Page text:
5. Data analysis
    1. Sorting and classifying
    2. Representing data
    3. Describing data


Fine Arts

  1. Explore famous artist and their works
  2. Elements of art
    1. Line
    2. Shape
    3. Color
    4. Space
    5. Texture
    6. Form
    7. Value
  3. Art techniques
  4. Exploring different art mediums
  5. Creative expression and movement
  6. Different styles of music and dance
  7. Famous composers
  8. Musical instruments
  9. Appreciation of the arts


Thursdays:  Music with Mr. John


Social & Emotional

Social and Emotional Development is crucial in the development in young children.  Strong social and emotional development can build a foundation for academic success in their future.  Children will learn effective ways to communicate, express themselves, manage emotions, and establish positive and rewarding relationships with others.

Daily interactions can become life lessons and a few effective strategies we incorporate are:

  • How to treat each other fairly with love and respect
  • How to take turns and share
  • How to encourage each other
  • How to help and pray for each other
  • How to be a cheerleader for each other
  • How to be a best friend to all of our classmates


Physical Development

Physical development includes both fine (hand movements) and gross motor skills (skills that require full body movements or large muscle movement).  Children must be given opportunities to experience different forms of movement and practicing refining skills.  Gradually, children will learn physical skills that will aid in their development into adulthood.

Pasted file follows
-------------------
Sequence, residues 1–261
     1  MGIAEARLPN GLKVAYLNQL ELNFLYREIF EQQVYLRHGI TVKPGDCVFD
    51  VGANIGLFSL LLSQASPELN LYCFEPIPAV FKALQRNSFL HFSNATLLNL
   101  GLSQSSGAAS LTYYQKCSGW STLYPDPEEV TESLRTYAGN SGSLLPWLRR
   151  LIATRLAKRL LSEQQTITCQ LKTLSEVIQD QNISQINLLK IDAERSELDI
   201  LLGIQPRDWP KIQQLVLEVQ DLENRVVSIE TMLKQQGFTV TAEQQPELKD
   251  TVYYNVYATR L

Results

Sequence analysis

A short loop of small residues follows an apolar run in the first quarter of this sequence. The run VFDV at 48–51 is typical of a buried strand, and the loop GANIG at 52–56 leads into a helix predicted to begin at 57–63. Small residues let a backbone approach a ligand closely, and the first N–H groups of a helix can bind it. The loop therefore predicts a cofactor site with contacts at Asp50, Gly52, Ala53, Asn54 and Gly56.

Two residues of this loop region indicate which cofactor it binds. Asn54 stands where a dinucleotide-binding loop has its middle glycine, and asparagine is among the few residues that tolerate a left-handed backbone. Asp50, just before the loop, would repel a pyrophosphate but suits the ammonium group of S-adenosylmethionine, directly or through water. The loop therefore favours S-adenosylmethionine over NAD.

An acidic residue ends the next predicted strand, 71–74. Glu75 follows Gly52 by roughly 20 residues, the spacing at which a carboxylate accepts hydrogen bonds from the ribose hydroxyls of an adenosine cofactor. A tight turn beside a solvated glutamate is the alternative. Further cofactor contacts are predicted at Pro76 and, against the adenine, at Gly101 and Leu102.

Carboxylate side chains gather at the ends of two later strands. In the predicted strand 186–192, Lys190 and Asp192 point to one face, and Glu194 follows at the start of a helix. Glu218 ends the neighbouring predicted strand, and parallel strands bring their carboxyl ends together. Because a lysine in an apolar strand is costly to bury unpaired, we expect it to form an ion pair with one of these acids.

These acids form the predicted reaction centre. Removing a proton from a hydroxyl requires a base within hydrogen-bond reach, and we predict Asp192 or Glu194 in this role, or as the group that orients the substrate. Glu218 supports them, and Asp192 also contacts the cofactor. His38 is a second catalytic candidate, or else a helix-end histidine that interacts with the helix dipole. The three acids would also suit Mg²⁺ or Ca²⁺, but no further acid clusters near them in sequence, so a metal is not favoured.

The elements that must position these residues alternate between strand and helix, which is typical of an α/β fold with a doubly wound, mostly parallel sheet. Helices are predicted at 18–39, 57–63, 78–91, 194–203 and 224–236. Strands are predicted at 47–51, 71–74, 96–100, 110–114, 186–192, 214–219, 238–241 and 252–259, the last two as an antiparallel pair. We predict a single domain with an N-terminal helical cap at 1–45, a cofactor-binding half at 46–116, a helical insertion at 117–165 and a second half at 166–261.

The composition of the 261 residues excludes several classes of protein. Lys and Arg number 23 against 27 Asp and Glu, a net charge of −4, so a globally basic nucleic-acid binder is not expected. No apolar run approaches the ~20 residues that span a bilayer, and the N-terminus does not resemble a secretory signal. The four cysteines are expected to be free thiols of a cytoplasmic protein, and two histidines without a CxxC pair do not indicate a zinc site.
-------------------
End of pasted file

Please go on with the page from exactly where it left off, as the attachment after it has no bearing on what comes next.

Areas of physical development we focus on are:

  • Sleep-Patterns and recognizing when sleep is needed
  • Dressing-able to dress themselves, zipping, snapping, fastening and buttoning, ties shoes
  • Toileting-able to use the bathroom responsibly and with minimal adult assistance
  • Eating-habits, uses utensils correctly, show interest in meal preparation and table etiquette
  • Safety Needs-able to recognize harmful situations and rule following
  • Healthy Lifestyle-personal hygiene and exercise
  • Motor Development-coordination, balance, strength, eye-hand coordination, control, object manipulation
  • Sensory Organization-using senses to experience the environment and act accordingly

Big muscle movement typically takes place on the playground or in the chapel, depending on the weather.  We do dances and exercising in the classroom as well, but space is limited.


Spiritual Development

Faith Academy gives children opportunities to learn about God, Kingdom Values, and how to become a respected member of society.  Children learn through Christian songs, simple prayers, stories, and activities.  Our children also get opportunities to take time out of the classroom and spend time learning with Pastor Stu and other church leaders in the chapel.  For more information see Fish Time.

Along with our Fish Time, the Kingdom values and spiritual goals are woven into the curriculum or conversations in a way that is easy for children to understand.

  1. Learning Kingdom Values
    1. Community (family, friends, surrounding community, helping others, playing with others)
    2. Worship (God loves me, prayer, singing to God, who are the spiritual leaders, faith, praise to God)
    3. Service (helping others, mission, empathy, compassion, unselfish acts of kindness)
    4. Grace (forgiveness, apology, giving thanks, help from God)
    5. Love (God loves me, unconditional, forgiveness, boundless mercy)
  1. Know they belong to God and are secure in His love and care.
  2. Experience awe and wonder about God and His work.
  3. Respond to God in attitudes and actions
  4. Develop social skills with grace and compassion
  5. Treating others with respect and love


Every other Wednesday:  Big Fish with Pastor Stu